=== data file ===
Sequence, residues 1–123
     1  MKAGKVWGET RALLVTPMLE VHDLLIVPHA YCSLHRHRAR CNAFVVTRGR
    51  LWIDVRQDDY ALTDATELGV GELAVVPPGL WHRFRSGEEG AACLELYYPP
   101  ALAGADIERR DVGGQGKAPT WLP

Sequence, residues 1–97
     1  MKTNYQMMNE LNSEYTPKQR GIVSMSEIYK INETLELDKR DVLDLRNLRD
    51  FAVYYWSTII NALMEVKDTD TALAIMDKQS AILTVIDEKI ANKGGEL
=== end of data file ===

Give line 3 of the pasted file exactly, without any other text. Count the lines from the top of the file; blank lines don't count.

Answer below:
    51  LWIDVRQDDY ALTDATELGV GELAVVPPGL WHRFRSGEEG AACLELYYPP